St. Patrick’s Day, the flag and Irish America

by Kevin Meagher

The green, white and orange of the Irish tricolour, currently fluttering to questionable purpose outside a thousand pubs, has an interesting history.

It was presented to the Irish nation by my illustrious forebear, Thomas Francis Meagher, in Dublin in 1848. Shortly afterwards he, and a gallant band of brothers in the Young Ireland movement, launched one of the many heroic, but ultimately fruitless, insurrections against British rule.

This was midway through the Irish Famine – An Gorta Mor (“The Great Hunger”) in which Ireland’s population fell by a quarter, with a million people starving to death and a million more emigrating to America, Canada, Australia and Britain. Cruel Victorian indifference to the plight of the Irish cast a lingering shadow until Tony Blair’s welcome apology for this disgusting episode in British history back in 1997.

Meagher was sentenced to be hung, drawn and quartered for his sedition – a sentence reprieved after public outcry – and instead he and his comrades found themselves transported for life to Van Dieman’s land in what is now Tasmania.

They were meant to remain there for life, checking in once a week with the authorities and expected to eschew thoughts of escape, on their word as gentlemen. Meagher thought better of it (as you would), procured a rescue ship and set sail for America whereupon he became a cause celebre to Irish immigrants who had reached America in less salubrious confines, usually aboard the infamous “coffin ships”. So great were the incidences of typhus among the starving Irish that a third died on the perilous Atlantic crossing. (It is said sharks could be seen following the ships, such were the numbers of corpses thrown overboard).

After starting an Irish newspaper and working as an attorney (he was on the defence team of Congressman Daniel Sickles, who shot his wife’s lover outside the White House and became the first person to successfully mount a defence of temporary insanity) Meagher became embroiled in the American civil war.

He founded the Irish brigade in the union army, fought at every major battle of the Potomac campaign and earned the rank of brigadier-general for his trouble. After the war he became acting governor of Montana (and first suggested the creation of Yellowstone National Park) before dying in mysterious circumstances on a Mississippi steamboat. A Hollywood epic awaits.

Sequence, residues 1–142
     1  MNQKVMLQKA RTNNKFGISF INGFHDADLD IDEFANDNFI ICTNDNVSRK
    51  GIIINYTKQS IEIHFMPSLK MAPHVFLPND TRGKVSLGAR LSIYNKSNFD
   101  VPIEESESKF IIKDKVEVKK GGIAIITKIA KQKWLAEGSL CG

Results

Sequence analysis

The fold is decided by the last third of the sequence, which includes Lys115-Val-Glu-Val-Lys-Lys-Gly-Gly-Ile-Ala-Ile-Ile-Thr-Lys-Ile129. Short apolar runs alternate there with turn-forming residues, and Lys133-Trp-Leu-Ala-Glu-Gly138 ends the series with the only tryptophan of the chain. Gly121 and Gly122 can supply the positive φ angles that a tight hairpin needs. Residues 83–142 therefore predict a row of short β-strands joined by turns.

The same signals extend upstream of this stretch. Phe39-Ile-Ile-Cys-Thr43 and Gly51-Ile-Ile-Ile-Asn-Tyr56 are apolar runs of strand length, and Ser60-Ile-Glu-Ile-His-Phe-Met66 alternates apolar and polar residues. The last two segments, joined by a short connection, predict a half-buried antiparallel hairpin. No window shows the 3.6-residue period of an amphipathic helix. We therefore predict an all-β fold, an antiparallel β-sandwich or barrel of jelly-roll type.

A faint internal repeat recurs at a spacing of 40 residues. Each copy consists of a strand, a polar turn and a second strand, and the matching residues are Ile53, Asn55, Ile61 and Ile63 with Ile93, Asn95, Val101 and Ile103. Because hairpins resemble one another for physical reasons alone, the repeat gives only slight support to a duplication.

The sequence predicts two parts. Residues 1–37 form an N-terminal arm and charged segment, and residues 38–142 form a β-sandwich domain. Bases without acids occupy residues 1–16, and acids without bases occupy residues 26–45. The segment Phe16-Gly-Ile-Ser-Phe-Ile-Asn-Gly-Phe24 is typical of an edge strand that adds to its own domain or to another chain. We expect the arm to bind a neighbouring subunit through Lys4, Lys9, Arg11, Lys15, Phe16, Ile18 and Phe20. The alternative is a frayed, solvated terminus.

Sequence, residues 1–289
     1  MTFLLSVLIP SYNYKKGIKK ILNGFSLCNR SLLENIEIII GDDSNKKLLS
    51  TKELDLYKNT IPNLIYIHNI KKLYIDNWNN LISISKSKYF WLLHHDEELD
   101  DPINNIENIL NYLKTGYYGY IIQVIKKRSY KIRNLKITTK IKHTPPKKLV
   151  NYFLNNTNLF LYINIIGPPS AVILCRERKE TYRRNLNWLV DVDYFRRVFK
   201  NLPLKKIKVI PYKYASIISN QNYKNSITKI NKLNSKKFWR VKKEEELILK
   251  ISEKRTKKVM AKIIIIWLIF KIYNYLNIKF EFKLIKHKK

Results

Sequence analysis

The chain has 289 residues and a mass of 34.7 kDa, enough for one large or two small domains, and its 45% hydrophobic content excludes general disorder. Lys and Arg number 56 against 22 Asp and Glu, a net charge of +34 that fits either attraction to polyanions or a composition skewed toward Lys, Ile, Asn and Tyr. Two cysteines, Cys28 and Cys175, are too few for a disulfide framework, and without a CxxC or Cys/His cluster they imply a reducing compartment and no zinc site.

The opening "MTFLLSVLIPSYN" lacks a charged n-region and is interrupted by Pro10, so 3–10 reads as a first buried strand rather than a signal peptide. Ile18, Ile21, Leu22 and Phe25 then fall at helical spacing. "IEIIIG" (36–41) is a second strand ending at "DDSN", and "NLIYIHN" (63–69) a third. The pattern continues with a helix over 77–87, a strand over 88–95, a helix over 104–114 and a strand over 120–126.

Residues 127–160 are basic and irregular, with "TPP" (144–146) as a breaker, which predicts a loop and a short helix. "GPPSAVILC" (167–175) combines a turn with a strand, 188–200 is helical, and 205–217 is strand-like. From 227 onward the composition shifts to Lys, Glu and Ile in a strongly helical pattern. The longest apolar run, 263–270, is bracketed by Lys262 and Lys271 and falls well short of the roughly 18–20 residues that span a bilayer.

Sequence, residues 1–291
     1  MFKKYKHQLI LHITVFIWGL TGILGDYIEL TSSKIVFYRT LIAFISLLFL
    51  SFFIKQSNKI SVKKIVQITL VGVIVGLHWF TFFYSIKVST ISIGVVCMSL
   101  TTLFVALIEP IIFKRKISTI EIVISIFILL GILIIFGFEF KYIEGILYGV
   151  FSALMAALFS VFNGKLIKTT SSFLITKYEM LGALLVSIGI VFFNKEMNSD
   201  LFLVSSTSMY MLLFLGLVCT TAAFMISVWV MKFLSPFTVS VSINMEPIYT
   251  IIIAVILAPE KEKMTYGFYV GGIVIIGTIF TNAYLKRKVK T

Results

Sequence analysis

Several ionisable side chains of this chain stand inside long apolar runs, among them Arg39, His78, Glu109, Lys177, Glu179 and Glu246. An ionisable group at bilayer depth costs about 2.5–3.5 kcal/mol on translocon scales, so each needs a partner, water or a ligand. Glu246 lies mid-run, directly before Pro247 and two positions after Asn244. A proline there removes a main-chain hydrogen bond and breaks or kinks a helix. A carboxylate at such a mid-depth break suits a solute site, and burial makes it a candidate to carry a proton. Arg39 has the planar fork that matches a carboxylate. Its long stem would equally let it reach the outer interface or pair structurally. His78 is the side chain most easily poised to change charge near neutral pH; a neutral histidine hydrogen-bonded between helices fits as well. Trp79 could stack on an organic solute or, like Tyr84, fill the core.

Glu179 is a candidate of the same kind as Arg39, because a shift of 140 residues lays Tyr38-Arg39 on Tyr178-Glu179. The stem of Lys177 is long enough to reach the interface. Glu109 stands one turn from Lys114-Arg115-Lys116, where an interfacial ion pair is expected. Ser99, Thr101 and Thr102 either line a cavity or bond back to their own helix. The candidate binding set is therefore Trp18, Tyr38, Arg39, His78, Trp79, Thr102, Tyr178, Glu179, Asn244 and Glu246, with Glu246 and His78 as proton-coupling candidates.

So why the history lesson? There are two enduring legacies of TF Meagher which are particularly apposite for St. Patrick’s Day. The first is that he is one of the key founding fathers of Irish America. The Irish Brigade took the sixth heaviest casualties of any regiment in that bloody war. By their appalling sacrifice the Irish earned their right to call themselves Americans. A necessary requirement when you consider the Ku Klux Klan was originally founded to persecute Irish catholic immigrants to America.

Those emigree patriots are responsible for the modern phenomenon that is St Patrick’s Day. The 69th New York Infantry, (later immortalised in the Jimmy Cagney film “The Fighting 69th”) were the key division of Meagher’s Irish Brigade. They will take pride of place in Saturday’s St. Patrick’s Day parade in New York as they always do. It is Meagher’s Irish Americans who exported this day of celebration and commemoration back to the Irish world.

Meagher’s second legacy is that flag. As he himself put it when first unveiling the design: “The white in the centre signifies a lasting truce between the ‘Orange’ and the ‘Green’, and I trust that beneath its folds the hands of the Irish Protestant and the Irish Catholic may be clasped in generous and heroic brotherhood.”

It has not always worked out that way, alas, but in its original intention the flag remains an enduring and under-appreciated symbol of reconciliation and the possibility of a new shared future, one that all those who consider themselves Irish can, and should, hold equity in.

Meagher himself was something of a curiosity in 19th century revolutionary circles. The son of a wealthy merchant, he was educated at the English Jesuit public school, Stonyhurst and spoke with an English accent, having had his native brogue “knocked out of him”.

A renowned orator, his stoical response to that death sentence bears retelling: “Judged by the law of England, I know this crime entails upon me the penalty of death; but the history of Ireland explains that crime and justifies it. Judged by that history, the treason of which I stand convicted loses all its guilt, has been sanctified as a duty, and will be ennobled as a sacrifice…I shall go, I think, with a light heart before a higher tribunal—a tribunal where a judge of infinite goodness, as well as of infinite justice, will preside, and where, my lords, many, many of the judgements of this world will be reversed.”

Were he alive today it is highly unlikely he would, even as an enthusiastic imbiber, be found staggering out of an Irish theme pub wearing one of those ridiculous Guinness hats.

Hardly the attire and decorum of a gentleman revolutionary. After all, the Irish Brigade’s regimental cocktail was a measure of Irish whiskey topped-up by three measures of champagne. Worth a try, I can heartily attest.


Kevin Meagher is associate editor of Labour Uncut

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